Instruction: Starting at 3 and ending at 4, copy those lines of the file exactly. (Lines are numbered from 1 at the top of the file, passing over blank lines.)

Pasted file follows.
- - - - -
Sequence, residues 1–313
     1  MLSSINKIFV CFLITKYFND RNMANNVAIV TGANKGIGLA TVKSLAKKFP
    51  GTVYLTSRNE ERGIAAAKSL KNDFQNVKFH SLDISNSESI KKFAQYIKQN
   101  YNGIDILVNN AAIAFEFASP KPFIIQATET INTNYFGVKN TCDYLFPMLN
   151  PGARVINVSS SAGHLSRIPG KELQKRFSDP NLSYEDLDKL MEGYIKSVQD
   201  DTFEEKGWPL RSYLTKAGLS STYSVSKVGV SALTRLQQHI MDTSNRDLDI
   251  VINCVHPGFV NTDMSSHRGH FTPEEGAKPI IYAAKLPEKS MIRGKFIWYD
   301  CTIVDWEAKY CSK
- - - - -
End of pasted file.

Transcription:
    51  GTVYLTSRNE ERGIAAAKSL KNDFQNVKFH SLDISNSESI KKFAQYIKQN
   101  YNGIDILVNN AAIAFEFASP KPFIIQATET INTNYFGVKN TCDYLFPMLN